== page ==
Arrow Films, Arrow Video, and Arrow Academy.
Okay, so Criterion is the most well-known arthouse distributor. But what else is there? Enter Arrow Films, a distribution company (est. 1991) that specializes in "high-quality presentations of classic and cult cinema." Some of the more lowbrow films (stuff that Criterion is less likely to touch) is available here. Pulpy, nasty stuff. Hellraiser, Donnie Darko, the Female Prisoner #701 series (with Meiko Kaji of Lady Snowblood fame), that sort of thing.
But Arrow isn't just about horror and sci-fi. They've also got a label called "Arrow Academy," which does similar stuff to the Criterion Collection (or to Eureka's "Masters of Cinema" series). Arrow Academy does some really, really great work. I'm particularly fond of their box sets of Jacques Rivette, Hirokazu Kore-eda, Eric Rohmer, and Suzuki's Taisho Trilogy. Wonderful art, great transfers, and the boxes themselves are designed with durability and style in mind.
The new kid in town: Powerhouse/Indicator.
Very recently (2016, I think), Powerhouse Films started a label called "Indicator" and it's extraordinary. Indicator is run by a few experts who really care about physical media, and it shows. Their box sets are some of the best-produced boxes I own. I'm particularly fond of their "Wonderful Worlds of Ray Harryhausen" box sets. Really durable, beautiful, well-crafted little boxes, with great attention to detail and jam-packed with extra features and materials. Their limited edition releases of individual films (like Fritz Lang's The Big Heat or Orson Welles' The Lady From Shanghai) are super great, too.
Why variety is important.
The nice thing about these other distributors (Arrow, Powerhouse, BFI, Eureka, Twilight Time, Second Run, and others) competing with Criterion is that when there are several voices "gatekeeping"/canonizing all at once, it's easier to get a better variety, and to avoid having your collection formed too strictly by any particular cultural hegemony. More stories can be told and discovered.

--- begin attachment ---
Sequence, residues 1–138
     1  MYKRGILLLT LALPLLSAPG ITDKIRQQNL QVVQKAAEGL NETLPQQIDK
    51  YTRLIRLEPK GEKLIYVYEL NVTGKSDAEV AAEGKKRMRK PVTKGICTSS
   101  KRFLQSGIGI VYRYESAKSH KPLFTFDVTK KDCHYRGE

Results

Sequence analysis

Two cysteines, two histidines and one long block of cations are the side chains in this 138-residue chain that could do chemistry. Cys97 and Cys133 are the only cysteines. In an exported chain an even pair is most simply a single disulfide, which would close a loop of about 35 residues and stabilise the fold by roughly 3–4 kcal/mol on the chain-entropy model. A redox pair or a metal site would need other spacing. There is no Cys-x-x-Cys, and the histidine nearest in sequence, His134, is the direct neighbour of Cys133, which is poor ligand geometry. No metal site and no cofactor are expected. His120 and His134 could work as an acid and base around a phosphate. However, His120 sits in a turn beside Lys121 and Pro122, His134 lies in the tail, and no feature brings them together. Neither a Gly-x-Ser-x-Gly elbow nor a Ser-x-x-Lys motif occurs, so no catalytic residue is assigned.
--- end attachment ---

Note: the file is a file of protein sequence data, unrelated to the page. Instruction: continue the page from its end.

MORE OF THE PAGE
A note about limited editions.
Some of my favorite Blu-Rays (several of which are listed above) are limited editions. Take careful note if you're shopping around and you see this phrase. Maybe there will only be 6000 copies of that collection ever printed--maybe 2000. One of my biggest regrets as a collector is that I let the Arrow Video box of Battles without Honor and Humanity (the first series) slip through my fingers. It's now very difficult to find, and the only copies available are used--and are quite expensive. Which reminds me...
A note about used DVDs.
Listen, when you're starting out as a collector, it's tempting to rely on cheap used copies. Sometimes Amazon insists the box is "like new!" But just don't do it. Don't buy used DVDs/Blu-Rays. Trust me on this one. When my collection was in the 500-800 range, I did this a few times, and I always regretted it. Quality for used media cannot be guaranteed, unless you're buying personally from someone you can trust and interact with, someone whose name you know. Otherwise, wait for good sales, buy new copies, and have some peace of mind.
(Side note: some collectors disagree with me here. They suggest eBay and Amazon, both of which have protections in place for when you feel the quality of the product you've been sold has been falsely advertised. So, I should make it clear that my approach here is not Gospel. It's just a preference.)
How to prioritize what to get.
The hardest question for a collector is "between these two sets--of which I can only afford one--which one should I buy right now?" The bad news is, I don't have one clean universal answer for you. It really depends on what's important to you.
Do you want your collection to be well-rounded in a way that it currently isn't? If so, look for blind spots. Any nations you'd like to better represent? Eras? Political movements? Are most of your films directed by men? Maybe look into some female filmmakers?
Or, on the other hand, maybe you're not worried about representation or comprehensiveness--you just want everything to fit a certain sensibility. If you're debating between two filmmakers and you're not super familiar with them, here are some questions you could ask yourself:
- Do you know any film students who have studied their work?